Wlliam Gilmore Simms
Southward Ho! A Spell of Sunshine >> Chapter XII / The Picture of Judgment; Or, The Grotta Del Tifone >> Page 225

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Novel (Romance) | Redfield | 1854
Transcription THE DOOMED STRANGERS. 225
as doomed victims, of the terrible fiend of Etruscan mythology.
To this condition some terrible tale was evidently attached.
Both of these pictures were portraits. For that matter, all were
portraits in the numerous collection. With those two excep-
tions, the rest were of the same family, and their several fates,
according to the resolve of the painter, were all felicitous.
They walked erect, triumphant in hope and consciousness, elas-
tic in their tread, and joyous in their features. Not so these
two : the outcasts of the group�with but not of them�pain-
fully contrasted by the artist,�terribly so by the doom of the
awful Providence whose decree he had ventured thus freely to
declare. The features of the man had the expression of one
whom a just self-esteem moves to submit in dignity, and without
complaint. The face of the woman, on the contrary, is full of
auguish, though still distinguished by a degree of loftiness and
character to which his offers no pretension. There were the
portraits, and there the effigies, and beneath them, in their stone
coffins, lay the fragments of their mouldering bones�the relic
of two thousand years. What a scene had the artist chosen to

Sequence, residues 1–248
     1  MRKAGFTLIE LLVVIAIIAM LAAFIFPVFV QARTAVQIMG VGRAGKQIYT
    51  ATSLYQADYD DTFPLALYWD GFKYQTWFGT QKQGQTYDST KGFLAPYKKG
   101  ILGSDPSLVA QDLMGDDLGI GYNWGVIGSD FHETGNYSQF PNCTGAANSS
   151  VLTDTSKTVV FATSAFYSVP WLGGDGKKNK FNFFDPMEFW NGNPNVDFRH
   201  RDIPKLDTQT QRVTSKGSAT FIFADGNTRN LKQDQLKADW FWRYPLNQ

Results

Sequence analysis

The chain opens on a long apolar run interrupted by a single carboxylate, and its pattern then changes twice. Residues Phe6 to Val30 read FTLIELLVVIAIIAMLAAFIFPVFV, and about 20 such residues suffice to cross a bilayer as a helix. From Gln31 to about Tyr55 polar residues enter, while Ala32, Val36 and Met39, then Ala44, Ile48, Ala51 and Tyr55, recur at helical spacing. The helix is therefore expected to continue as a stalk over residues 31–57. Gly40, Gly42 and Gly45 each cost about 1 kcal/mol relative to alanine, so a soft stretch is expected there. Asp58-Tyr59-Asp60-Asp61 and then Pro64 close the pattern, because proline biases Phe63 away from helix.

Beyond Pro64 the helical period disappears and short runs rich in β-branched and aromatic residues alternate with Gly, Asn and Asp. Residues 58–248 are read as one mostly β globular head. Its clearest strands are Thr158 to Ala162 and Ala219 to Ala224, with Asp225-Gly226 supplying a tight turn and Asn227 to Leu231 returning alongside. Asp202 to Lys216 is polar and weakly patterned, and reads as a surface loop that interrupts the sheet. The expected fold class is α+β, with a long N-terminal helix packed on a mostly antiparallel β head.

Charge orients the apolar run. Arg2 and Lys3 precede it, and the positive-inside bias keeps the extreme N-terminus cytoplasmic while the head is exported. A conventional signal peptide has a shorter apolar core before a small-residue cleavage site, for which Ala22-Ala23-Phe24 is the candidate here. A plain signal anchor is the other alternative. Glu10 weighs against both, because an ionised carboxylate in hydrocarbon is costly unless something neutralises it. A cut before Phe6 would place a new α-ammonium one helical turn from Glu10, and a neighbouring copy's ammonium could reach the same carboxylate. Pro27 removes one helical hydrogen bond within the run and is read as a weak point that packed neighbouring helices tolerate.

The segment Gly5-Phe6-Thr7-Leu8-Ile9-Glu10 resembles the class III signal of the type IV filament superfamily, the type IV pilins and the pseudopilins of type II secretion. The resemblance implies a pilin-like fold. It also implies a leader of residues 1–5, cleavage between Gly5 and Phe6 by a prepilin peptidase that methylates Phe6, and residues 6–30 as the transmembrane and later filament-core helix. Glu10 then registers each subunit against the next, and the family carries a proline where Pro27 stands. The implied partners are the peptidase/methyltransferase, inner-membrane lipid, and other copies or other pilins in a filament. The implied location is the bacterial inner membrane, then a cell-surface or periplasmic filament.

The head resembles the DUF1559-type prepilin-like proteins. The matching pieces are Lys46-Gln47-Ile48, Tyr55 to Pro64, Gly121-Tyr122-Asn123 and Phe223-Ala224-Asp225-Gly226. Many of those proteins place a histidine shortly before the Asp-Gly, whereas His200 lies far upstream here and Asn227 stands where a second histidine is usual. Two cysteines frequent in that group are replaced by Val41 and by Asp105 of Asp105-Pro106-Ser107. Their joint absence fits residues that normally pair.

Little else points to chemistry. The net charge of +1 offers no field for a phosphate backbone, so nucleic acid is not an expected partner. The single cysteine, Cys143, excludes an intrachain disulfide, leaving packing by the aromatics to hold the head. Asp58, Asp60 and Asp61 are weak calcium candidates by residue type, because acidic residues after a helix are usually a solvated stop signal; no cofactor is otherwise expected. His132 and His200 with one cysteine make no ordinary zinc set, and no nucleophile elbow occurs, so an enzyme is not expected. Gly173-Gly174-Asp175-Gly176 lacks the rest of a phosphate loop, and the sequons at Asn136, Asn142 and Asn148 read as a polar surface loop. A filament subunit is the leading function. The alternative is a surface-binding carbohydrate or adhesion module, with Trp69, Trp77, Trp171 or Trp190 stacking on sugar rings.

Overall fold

transmit to posterity, from real life ! and with what motive ?
By what terrible sense of justice, or by what strange obliquity
of judgment and feeling, did the great Lucumo of the Pomponii
suffer the members of his family to be thus offensively perpetu-
ated to all time, in the place of family sepulture ? Could it
have been the inspiration of revenge and hatred, by which this
vivid and terrible representation was wrought ; and what was
the melancholy history of these two strangers�so young, so
beautiful�thus doomed to the inexpiable torments of the end-
less future, by the bold anticipatory awards of a successor or a
contemporary ? To these questions our explorers of the " Grotta
del Tifone" did not immediately find an answer. That they
have done so since, the reader will ascribe to the keen anxiety
with which they have groped through ancient chronicles, in
search of an event which, thus wonderfully preserved by art for
a period of more than twenty centuries, could not, as they well
conjectured, be wholly obliterated from all other mortal records.
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